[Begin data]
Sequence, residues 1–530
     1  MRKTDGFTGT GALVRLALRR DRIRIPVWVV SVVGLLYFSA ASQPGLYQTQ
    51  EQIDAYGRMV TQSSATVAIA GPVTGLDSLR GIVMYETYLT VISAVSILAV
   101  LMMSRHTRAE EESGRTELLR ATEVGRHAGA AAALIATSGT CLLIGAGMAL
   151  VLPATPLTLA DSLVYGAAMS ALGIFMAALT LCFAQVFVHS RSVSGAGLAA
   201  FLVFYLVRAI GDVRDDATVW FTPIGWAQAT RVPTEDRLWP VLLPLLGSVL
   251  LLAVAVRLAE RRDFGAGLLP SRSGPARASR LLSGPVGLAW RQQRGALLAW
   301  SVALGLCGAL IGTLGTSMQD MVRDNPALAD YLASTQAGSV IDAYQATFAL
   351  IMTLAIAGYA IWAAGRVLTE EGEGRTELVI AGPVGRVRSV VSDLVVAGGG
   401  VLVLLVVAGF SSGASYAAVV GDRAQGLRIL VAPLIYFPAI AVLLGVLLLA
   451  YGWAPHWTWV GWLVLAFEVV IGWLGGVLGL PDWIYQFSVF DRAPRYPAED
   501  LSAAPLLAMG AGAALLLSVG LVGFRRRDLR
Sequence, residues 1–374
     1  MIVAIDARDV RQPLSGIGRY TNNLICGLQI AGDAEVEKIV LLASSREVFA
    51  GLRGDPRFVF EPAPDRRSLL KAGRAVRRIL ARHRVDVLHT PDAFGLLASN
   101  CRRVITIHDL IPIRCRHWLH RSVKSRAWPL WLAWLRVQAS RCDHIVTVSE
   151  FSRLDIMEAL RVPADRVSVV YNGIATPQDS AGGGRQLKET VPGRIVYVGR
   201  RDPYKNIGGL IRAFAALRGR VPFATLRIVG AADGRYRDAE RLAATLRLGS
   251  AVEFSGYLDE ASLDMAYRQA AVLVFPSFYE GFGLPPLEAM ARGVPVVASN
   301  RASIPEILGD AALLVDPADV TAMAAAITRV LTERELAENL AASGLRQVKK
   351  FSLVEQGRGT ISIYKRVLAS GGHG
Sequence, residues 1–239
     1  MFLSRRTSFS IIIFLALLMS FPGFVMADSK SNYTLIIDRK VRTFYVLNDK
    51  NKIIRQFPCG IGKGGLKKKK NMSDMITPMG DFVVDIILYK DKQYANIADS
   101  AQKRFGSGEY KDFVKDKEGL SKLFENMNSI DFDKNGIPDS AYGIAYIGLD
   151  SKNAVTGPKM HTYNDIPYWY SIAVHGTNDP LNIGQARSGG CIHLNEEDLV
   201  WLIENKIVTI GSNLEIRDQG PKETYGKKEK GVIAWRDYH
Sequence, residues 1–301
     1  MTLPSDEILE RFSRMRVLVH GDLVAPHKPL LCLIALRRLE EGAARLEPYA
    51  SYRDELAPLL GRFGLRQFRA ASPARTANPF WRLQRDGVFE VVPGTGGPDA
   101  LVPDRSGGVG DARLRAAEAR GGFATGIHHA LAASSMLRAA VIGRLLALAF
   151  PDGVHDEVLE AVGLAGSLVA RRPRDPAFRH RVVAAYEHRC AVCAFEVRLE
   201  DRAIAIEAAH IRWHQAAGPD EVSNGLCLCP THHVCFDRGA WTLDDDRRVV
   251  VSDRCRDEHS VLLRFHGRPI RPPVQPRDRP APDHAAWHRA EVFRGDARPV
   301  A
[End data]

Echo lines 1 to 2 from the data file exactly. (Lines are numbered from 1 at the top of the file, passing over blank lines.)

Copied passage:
Sequence, residues 1–530
     1  MRKTDGFTGT GALVRLALRR DRIRIPVWVV SVVGLLYFSA ASQPGLYQTQ